We compare the determinants of consumer inflation expectations in the US and Canada by analyzing two current surveys. We find that Canadian consumers rely more on professional forecasts and the history of actual inflation when forming their expectations, while US consumers rely more on their own lagged expectations.
Staff working papers
We estimate the link between exchange rate fluctuations and the labour input of Canadian manufacturing industries. The analysis is based on a dynamic model of labour demand, and the econometric strategy employs a panel two-step approach for cointegrating regressions.
The long-run relation between growth and inflation has not yet been studied in the context of nominal price and wage rigidities, despite the fact that these rigidities now figure prominently in workhorse macroeconomic models.
This paper assesses the merits of countercyclical bank balance sheet regulation for the stabilization of financial and economic cycles and examines its interaction with monetary policy.
Recent events in financial markets have underlined the importance of analyzing the link between the financial health of banks and real economic activity. This paper contributes to this analysis by constructing a dynamic general equilibrium model in which the balance sheet of banks affects the propagation of shocks.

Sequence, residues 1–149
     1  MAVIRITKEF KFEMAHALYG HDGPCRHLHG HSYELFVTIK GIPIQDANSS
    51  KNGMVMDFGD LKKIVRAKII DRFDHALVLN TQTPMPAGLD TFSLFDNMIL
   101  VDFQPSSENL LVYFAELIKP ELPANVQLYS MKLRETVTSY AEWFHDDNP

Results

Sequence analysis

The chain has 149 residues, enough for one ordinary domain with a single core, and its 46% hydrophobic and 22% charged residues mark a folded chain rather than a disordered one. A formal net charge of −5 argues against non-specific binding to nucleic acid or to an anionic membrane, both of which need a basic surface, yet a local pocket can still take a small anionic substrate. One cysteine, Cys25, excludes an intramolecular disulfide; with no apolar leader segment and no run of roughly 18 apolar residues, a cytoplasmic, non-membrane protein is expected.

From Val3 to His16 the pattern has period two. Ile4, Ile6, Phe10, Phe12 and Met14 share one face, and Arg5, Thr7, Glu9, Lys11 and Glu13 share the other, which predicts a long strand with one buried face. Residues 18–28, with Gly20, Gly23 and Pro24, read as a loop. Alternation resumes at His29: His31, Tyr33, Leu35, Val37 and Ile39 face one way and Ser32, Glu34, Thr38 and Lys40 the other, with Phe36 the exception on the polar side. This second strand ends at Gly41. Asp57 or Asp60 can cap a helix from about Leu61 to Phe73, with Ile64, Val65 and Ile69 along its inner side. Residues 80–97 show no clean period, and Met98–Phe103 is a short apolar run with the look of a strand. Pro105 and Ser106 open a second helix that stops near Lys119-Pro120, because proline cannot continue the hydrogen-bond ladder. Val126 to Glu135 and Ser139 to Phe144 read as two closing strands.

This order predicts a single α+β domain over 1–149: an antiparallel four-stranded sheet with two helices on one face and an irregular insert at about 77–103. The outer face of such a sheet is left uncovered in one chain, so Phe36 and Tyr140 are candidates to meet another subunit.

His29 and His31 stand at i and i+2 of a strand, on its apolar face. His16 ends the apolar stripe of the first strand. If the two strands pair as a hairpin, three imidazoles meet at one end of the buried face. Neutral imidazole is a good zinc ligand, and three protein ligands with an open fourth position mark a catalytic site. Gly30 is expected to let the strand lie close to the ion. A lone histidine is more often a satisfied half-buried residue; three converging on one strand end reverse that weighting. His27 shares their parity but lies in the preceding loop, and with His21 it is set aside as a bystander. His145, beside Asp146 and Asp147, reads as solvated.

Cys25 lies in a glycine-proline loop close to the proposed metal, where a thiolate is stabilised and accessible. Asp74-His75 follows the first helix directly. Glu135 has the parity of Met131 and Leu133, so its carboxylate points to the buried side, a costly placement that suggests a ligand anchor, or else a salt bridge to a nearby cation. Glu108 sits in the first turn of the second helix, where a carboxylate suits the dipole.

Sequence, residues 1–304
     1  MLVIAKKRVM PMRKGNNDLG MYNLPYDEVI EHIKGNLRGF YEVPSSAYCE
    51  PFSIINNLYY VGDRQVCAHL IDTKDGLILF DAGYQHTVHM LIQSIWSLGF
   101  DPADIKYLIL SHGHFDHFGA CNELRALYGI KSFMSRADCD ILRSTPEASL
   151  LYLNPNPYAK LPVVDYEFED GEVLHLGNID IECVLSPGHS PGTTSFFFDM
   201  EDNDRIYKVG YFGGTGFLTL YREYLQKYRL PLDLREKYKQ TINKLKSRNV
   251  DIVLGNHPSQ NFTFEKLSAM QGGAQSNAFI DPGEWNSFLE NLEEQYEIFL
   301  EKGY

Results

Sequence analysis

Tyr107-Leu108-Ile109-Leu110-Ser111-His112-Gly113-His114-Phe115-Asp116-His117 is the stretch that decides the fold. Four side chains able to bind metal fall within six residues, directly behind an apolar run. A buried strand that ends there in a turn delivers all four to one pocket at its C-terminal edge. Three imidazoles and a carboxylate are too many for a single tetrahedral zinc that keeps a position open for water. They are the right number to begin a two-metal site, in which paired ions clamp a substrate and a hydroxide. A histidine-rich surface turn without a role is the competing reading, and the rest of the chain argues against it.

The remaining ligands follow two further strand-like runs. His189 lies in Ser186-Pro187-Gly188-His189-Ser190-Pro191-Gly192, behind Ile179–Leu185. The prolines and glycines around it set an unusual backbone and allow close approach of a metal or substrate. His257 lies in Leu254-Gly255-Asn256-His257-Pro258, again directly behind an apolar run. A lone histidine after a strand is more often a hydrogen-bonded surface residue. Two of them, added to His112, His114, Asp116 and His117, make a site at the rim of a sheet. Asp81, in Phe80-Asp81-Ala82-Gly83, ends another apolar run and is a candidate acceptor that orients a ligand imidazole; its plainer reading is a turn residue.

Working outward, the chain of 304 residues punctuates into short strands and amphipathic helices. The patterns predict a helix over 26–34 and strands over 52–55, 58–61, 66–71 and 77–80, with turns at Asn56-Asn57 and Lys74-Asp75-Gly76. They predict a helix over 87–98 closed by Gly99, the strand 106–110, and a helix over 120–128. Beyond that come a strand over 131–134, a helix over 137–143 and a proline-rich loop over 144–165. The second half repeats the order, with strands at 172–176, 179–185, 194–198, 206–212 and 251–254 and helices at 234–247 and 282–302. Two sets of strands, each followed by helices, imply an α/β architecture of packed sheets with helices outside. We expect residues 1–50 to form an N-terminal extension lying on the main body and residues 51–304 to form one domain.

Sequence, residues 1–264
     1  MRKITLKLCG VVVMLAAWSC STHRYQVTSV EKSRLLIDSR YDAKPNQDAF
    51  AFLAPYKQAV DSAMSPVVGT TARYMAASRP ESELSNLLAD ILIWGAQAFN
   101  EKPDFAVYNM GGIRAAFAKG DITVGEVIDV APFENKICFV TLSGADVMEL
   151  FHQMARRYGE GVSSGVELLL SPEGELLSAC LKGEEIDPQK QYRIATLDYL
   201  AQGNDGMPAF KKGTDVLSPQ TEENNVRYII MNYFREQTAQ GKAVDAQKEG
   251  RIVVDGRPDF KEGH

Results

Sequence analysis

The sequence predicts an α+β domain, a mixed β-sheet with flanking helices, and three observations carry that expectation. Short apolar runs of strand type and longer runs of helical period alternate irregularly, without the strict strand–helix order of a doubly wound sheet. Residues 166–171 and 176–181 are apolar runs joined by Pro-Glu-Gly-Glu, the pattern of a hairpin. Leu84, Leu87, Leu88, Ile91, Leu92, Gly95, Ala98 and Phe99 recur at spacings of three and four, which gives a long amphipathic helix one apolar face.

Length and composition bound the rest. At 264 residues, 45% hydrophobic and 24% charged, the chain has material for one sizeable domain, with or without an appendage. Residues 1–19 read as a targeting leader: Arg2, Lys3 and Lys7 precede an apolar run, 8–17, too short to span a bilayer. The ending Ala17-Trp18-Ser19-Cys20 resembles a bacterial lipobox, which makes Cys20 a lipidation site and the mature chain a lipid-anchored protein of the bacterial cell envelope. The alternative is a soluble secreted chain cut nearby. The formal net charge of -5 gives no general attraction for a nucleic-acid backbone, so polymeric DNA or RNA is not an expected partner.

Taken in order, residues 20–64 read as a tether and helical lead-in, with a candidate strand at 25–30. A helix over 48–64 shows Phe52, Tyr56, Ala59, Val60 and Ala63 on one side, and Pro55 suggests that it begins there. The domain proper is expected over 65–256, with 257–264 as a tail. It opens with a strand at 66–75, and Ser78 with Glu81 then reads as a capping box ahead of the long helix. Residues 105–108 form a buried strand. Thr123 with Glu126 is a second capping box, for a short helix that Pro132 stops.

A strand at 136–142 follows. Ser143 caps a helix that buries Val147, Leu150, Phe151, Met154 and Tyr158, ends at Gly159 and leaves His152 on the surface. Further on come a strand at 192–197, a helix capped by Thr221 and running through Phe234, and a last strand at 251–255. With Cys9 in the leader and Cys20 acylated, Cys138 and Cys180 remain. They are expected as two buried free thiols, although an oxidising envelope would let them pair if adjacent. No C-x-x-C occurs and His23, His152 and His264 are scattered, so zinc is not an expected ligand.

This paper studies the steady-state costs of inflation in a general-equilibrium model with real per capita output growth and staggered nominal price and wage contracts.
The authors document the out-of-sample forecasting accuracy of the New Keynesian model for Canada.
Evidence suggests that banks, like firms, face financial frictions when raising funds.
The authors assess the stabilization properties of simple monetary policy rules within the context of a small open-economy model constructed around the limited-participation assumption and calibrated to salient features of the Canadian economy. By relying on limited participation as the main nominal friction that affects the artificial economy, the authors provide an important check of the robustness of the results obtained using alternative environments in the literature on monetary policy rules, most notably the now-standard "New Keynesian" paradigm that emphasizes rigidities in the price-setting mechanism.
We develop an equilibrium model of the monetary policy transmission mechanism that highlights information frictions in the market for money and search frictions in the market for labour.
Bank of Canada Review articles
December 17, 2000 Dynamic general-equilibrium models (DGEMs) are being increasingly used in macroeconomic research. In this article, the author describes the main features of these models and outlines their contribution to economic research performed at the Bank of Canada. He notes that the basic principle of DGEMs is that the modelling of economic activity, even on a scale as large as the economy of a country, should start with a series of microeconomic problems (at the scale of individuals), which, once resolved, are aggregated to represent the macroeconomic reality described by the model.